And if you go still a little further in the direction of the front, you will soon-very soon-after leaving the place of billeting, come to the country over which the great guns by day and night contend for mastery. And as one advances there seem to be Canadians everywhere. Here are batteries skilfully masked. Here are supplies on their way to the trenches. And all the time can be seen reliefs and reserves until it seems as if it was strange to meet anyone not in khaki and without the badge of "CANADA." And the liking for football which the Canadian has begun to share with his English comrade abates none of its keenness as he marches nearer to the front. A spirited match was in progress near our lines not long ago when a distracting succession of "Weary Willies" began to distribute themselves not very far from the football ground. The only people who took no notice were the players, and nothing short of a peremptory order from the Provost Marshal was able to bring to an end a game which was somewhat unnecessarily dangerous. And our men have, of course, made the acquaintance of "Jack Johnson," and without liking him-for he is not likeable-they endure him with as much constancy as a brave man need. Nor, indeed, have our own artillery failed to do more, and even more than hold their own. The gunners inherited from the Division which preceded them in the trenches a disagreeable inheritance in the shape of an observation post which had long harassed and menaced our lines by the information which it placed at the disposal of the enemy. We were so fortunate as to put it out of action in the third round which we fired-a success very welcome as an encouragement and giving a very substantial relief from an unwholesome scrutiny.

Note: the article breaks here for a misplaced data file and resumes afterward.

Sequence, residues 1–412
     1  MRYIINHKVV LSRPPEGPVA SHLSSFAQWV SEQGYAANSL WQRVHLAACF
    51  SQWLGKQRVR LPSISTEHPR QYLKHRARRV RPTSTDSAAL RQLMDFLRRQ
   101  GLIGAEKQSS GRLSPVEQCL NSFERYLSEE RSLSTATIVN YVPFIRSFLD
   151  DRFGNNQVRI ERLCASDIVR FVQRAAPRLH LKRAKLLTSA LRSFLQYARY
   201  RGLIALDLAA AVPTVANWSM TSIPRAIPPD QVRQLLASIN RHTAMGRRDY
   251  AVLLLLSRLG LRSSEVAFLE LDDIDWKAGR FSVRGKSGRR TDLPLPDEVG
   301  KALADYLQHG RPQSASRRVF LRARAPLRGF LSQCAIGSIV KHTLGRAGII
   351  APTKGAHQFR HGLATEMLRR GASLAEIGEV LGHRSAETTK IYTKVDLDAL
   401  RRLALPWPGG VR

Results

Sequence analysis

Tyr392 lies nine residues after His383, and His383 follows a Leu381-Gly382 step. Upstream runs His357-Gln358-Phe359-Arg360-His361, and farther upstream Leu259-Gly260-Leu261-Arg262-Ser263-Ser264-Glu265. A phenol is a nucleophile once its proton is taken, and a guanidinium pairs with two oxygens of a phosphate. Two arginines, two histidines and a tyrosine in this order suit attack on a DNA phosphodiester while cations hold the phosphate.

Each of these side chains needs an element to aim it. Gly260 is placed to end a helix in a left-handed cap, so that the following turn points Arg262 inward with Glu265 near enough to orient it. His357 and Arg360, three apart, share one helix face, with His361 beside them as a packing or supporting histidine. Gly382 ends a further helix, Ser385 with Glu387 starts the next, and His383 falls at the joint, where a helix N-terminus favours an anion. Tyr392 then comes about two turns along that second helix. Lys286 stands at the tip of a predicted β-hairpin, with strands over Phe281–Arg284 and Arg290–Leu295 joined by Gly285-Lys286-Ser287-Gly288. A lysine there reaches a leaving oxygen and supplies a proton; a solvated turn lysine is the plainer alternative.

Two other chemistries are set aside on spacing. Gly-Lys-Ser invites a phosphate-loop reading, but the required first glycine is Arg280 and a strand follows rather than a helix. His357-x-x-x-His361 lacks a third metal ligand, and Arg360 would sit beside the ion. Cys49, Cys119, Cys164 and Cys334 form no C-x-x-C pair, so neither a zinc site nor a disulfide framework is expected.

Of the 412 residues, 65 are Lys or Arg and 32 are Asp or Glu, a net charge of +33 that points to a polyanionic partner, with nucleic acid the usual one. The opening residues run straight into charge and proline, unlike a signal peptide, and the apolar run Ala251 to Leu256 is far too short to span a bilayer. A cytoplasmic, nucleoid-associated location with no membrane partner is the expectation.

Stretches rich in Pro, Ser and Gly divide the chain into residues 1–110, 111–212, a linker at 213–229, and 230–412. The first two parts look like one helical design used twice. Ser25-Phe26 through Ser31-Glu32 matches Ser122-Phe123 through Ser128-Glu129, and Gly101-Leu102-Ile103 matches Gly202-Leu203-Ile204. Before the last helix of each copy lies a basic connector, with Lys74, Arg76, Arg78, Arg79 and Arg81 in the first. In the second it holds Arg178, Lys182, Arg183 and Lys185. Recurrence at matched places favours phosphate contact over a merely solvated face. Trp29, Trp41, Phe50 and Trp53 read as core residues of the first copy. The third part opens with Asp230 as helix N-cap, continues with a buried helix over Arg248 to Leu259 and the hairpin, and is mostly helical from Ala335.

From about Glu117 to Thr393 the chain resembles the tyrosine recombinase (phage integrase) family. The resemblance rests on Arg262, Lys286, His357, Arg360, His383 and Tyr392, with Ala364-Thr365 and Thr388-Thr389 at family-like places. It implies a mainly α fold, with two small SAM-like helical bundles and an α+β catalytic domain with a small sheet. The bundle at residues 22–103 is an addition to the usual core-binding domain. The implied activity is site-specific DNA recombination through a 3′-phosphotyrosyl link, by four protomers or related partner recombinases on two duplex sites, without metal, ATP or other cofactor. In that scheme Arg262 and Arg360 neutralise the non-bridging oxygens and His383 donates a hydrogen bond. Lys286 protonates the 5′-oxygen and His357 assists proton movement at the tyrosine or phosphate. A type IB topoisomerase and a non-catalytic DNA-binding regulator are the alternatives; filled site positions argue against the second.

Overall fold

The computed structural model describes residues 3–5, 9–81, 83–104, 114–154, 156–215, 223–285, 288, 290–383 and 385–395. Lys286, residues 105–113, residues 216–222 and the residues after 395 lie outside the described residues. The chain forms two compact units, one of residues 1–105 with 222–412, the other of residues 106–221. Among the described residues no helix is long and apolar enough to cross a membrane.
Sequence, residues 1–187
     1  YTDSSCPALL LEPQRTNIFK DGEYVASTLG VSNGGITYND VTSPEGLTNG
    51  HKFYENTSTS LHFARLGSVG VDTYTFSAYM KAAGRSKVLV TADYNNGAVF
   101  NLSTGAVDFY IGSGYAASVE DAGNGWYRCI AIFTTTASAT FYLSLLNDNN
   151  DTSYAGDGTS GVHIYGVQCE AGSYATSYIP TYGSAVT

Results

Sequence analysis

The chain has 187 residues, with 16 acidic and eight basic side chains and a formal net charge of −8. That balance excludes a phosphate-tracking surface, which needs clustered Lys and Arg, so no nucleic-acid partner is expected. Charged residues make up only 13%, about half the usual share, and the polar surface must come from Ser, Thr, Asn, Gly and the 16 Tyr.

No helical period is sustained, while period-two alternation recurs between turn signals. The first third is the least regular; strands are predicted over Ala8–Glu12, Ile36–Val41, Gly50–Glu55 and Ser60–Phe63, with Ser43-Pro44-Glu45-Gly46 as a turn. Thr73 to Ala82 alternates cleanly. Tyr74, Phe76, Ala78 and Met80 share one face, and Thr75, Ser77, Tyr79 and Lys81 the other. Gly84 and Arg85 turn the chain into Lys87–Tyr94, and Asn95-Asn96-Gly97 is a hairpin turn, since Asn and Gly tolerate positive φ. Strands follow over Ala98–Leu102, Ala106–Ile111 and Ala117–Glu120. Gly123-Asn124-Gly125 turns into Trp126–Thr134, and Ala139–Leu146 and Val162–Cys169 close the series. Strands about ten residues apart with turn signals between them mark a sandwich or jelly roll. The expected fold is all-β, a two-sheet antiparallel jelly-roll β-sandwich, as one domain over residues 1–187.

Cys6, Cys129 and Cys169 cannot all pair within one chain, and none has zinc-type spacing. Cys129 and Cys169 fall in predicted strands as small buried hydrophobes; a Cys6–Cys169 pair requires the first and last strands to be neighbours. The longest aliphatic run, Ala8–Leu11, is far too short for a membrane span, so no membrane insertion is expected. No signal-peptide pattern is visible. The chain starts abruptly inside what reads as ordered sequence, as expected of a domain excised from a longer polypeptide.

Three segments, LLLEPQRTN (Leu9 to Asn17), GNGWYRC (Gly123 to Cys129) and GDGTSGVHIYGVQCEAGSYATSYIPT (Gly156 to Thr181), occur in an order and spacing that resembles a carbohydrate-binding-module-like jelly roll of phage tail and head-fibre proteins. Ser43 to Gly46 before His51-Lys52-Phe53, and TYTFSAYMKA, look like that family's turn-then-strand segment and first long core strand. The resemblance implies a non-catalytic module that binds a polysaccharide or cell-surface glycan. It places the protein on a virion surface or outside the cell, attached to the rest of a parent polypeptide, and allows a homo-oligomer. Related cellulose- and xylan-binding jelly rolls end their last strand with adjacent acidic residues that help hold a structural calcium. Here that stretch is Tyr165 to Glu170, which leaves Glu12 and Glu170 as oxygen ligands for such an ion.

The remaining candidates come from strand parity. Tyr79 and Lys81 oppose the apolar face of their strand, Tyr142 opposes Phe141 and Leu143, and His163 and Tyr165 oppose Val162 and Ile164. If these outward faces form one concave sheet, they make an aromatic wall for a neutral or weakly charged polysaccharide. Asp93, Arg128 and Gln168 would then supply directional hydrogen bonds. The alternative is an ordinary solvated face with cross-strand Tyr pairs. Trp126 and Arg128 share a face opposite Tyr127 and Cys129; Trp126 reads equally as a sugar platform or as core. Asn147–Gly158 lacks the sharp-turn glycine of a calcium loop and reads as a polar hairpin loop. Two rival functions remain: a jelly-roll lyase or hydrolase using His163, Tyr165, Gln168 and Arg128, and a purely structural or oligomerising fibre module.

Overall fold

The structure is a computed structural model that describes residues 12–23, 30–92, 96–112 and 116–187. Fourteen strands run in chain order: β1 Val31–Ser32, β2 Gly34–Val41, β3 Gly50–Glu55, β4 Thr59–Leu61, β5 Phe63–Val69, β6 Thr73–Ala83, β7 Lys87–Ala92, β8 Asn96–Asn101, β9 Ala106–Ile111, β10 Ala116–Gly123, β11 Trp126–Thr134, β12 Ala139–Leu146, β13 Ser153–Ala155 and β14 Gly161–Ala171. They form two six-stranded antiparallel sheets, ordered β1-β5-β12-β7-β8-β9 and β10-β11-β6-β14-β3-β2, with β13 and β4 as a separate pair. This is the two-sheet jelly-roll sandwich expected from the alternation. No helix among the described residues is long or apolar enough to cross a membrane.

Canadian Artillery at Neuve Chapelle.
Our infantry were not specially engaged in the fighting at Neuve Chapelle, but our artillery played its part in that triumph of artillery science which preceded the British attack, and our men were ready during the whole fight for the order which, had the tactical situation so developed, would have sent them too to make their first assault upon the German trenches. And there were not a few who were longing for that order. They think that the Germans have presumed upon a slight acquaintance. For on the very first night on which our men were put into the trenches the Germans began to call out, "Come out, you Canadians; come out and fight." Now, the trenches at normal times have their own code of manners and of amenity, and this challenge was and is regarded as impertinent.
The Canadian brings his own phrases into his daily life. When the German flares in the trenches nervously light up the space between the two lines, "There are the Northern Lights," was the comment of Canada, and "Northern Lights" they have remained to this day.
It would be evidently impertinent to say more of the General Officer Commanding the force, General Alderson, than that he enjoys the most absolute confidence of the fine force he commands. He trusts them and they trust him, and it will be strange if their co-operation does not prove fruitful. And an observer is at once struck by the extraordinarily accurate knowledge which the General has gained of the whole body of regimental officers under his command. He seems to know them as well by name and sight as if he had commanded the force for six years instead of six months. And this is a circumstance which in critical moments counts for much.
The General to the Troops.
General Alderson's methods-his practical and soldierly style-could not be better illustrated than by some extracts from the speech which he addressed to the troops before they went into the trenches for the first time:-